Quick Guide to Dublin

Dublin is both the largest and the capital city of the Republic of Ireland. It is located on the east coast of the country in the province of Leinster. It is also the mouth of the river Liffey and is surrounded by Irish Sea, Atlantic Ocean, North Channel and Celtic sea. Dublin is divided 3 neighbourhoods, with its own administration and county like status. These are Dun Laoghaire-Rathdown, Fingal and South County Dublin. Despite the sprawling nature of Dublin, the city centre itself is not too vast and all the main attraction can be found there. The Geogian Architecture which was prevalent in the 18th century, can still be found in notable districts such as Four Courts and Custom House. Other popular areas such as Temple Bar and Grafton street, however, have a distinctly medieval character.

The best time to visit Dublin would be May and September, this way you avoid the crowds which will be prevalent during the peak tourist months of June to August and the weather is still warm.

How to Get to Dublin

Flying into Dublin Airport

Dublin Airport is the biggest airport, by levels of traffic and size, in Ireland. It is located 6.2 miles north of the city centre and has a total of 2 terminals. In 2014 the airport served 21.7 million passengers with a focus on short and medium haul flights travelling to such destinations as North America and the Middle East. The airport is a hub, as well as the headquarters, for Ireland's Flag carriers Aer Lingus, budget airline Ryanair and regional Airline, Stobart Air.

Getting from Dublin airport to the City Centre

Bus/ Coach: Over 1000 buses and coaches connect the city centre with the Airport every day, operated by Dublin Bus, Airlink, Air Coach, Airport hopper, Ardcavan and City Link.

Currently there are no direct trains to the City centre from the Airport. However, connections are made available once you are within closer proximity to the city centre.

Taxi: There are taxi ranks outside the passenger entrances to both the airports terminals. Additionally, from the city centre to the airport there are a host of taxi firms that can take you directly to the airport. Many with fixed rates. Average cost: €20

By Car: Following the N1 road will direct you to the city centre, it should take you no longer than 15 minutes without traffic.

Trains to Dublin Connelly Railway Station

Connolly station is the biggest and busiest train station in Ireland and the main focal point in the Irish route network. The station opened in 1844 and has 9 platforms, including 2 for the Luas which is the Dublin light rail system. The station serves intercity routes, the DART and Suburban journeys.

Getting from Dublin Connelly Railway Station to City Centre

From Connelly station, take the DART to Tara Street which depart every 15 minutes, then walk an additional 10 minutes to Grafton Street . You can also take the number 130, 27B, 29A or 14C bus and get off at O'Connell Bridge. The same can be done for a return journey to the Station.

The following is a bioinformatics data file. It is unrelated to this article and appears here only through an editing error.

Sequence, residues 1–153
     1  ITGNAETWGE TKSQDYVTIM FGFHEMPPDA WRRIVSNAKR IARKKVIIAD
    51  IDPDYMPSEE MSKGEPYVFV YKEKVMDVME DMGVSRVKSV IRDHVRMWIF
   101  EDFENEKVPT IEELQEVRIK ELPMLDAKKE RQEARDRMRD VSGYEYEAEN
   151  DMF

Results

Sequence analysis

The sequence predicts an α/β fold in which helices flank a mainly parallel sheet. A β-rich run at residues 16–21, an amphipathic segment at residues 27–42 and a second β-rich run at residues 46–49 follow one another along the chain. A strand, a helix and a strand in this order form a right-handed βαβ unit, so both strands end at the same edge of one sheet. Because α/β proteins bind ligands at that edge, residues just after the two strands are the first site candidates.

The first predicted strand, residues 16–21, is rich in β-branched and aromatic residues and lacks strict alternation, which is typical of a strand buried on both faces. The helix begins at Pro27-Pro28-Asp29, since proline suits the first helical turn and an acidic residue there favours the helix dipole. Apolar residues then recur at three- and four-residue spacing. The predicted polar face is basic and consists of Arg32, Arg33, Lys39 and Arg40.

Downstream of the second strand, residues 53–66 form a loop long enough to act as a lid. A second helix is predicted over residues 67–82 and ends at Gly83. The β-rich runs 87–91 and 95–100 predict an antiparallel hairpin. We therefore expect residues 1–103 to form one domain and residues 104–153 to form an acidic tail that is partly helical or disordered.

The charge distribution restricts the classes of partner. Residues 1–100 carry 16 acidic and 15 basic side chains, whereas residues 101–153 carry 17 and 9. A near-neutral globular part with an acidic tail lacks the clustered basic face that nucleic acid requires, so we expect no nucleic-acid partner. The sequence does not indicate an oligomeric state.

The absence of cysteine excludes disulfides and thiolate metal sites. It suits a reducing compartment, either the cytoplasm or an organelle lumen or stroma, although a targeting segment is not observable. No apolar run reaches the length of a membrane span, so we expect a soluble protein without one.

Taxi ranks are located outside Connolly station. If you wish to order a taxi, you should find a number at the information desk at the station.

It is also possible to drive from Conolly station. Just follow Amiens Street over the river Liffey and continue to Grafton Street via College street.

Buses to Busaras Bus Station

Busaras is the central bus station in Dublin and is operated by Bus Eireann. Construction of the station was completed 1953, with additional renovations having occurred in 2007.

Getting from Busaras Bus Station to City Centre

Public transport between Busaras and the city centre is easily accessible. The Luas, the Dublin tram, stops at Busarus every 3 minutes during peak times and every 10 minutes during regular hours.

The distance between Busaras and the centre is just over a mile and will take 6 minutes to drive without traffic. The best route to take is via the R138.

Driving to Dublin

There is one motorway leading directly into the Dublin city centre from the north east of Ireland, the M50. The M2, M3 and M4 can be found around the peripheries of the city. If you are driving to Dublin via the M50 beware of tolls which, depending on your vehicle type, should not exceed €5.

How to Get Around in Dublin

Public Transport in Dublin

The transport system for Dublin provides services for the greater Dublin area and is the most popular way to travel around the city. The area currently utilises electrified suburban trains operated by Iarnrod Eireann, the DART, the Luas, metro and the bus system. The Luas is only transport system in Dublin that is restricted to the city centre

  • Public Transport Provider: Dublin Transport
  • Cost of a Ticket: Luas: Single - Ranges from €1.80 - €3 (depending on zone), Return - ranges from €3 - €5.50. Bus: €6.90 daily ticket, 75c city centre fare (in the city centre zone). DART: €11.10 day ticket. A Leap card is also available, similar to an Oyster card which allows you to travel more for less.
  • Discounted Ticket Types: Discounts are available for students, children and the elderly.
  • Availability of Public Transport at Night: Nitelink buses run every half an hour from midnight to 4.00am and travel extensively all over the city

Cycling in Dublin

Cycling is relatively common in the city centre, however this is often weather dependent as Dublin has a tendency to be very wet. This is reflected in the availability of cycle lanes in the city which tend to be good in the centre, but cut off when you go further a field.

  • Official Municipal Bike Provider: Coca-Cola Zero DublinBikes
  • Rental Costs: First half an hour is free of charge. Up to 1 hour is 50c, up to 2 hours is €1.50, up to 3 hours is €3.5,0 up to 4 hours is €6.50.

Taxis in Dublin

Taxis are available throughout Dublin and are extremely prevalent. Mobile phone Apps such as Uber, in turn, are also very popular.

  • Base Minimum Fare: €4.10 upon hailing a taxi
  • Cost: an additional €1.03 is charged per km, which goes up to €1.35 when the journey exceeds 15km.

Driving in Dublin

Dublin city centre is mainly occupied by public transport, however driving is possible but can be very busy particularly surrounding rush hour. It also also worth noting that driving in Ireland takes place of the left hand side of the road.

National speed limits depend of the type of road you will driving on.

  • Motorways - 120km/h
  • National roads - 100 km/h
  • Regional roads - 80km/h
  • Urban areas - 5ß km/h
  • Special Speeds limits - 30 km/h.

Rush hour - 07.00 a.m - 09.30 a.m and 4.00 p.m - 7.00. p.m. Aside from that, permitting you avoid the city centre driving should relatively stress free.

There are a number of places to park in the city and the prices differ in accordance to the location. The prices range from 60c per hour to €2.40 per hour.

Walking Around Dublin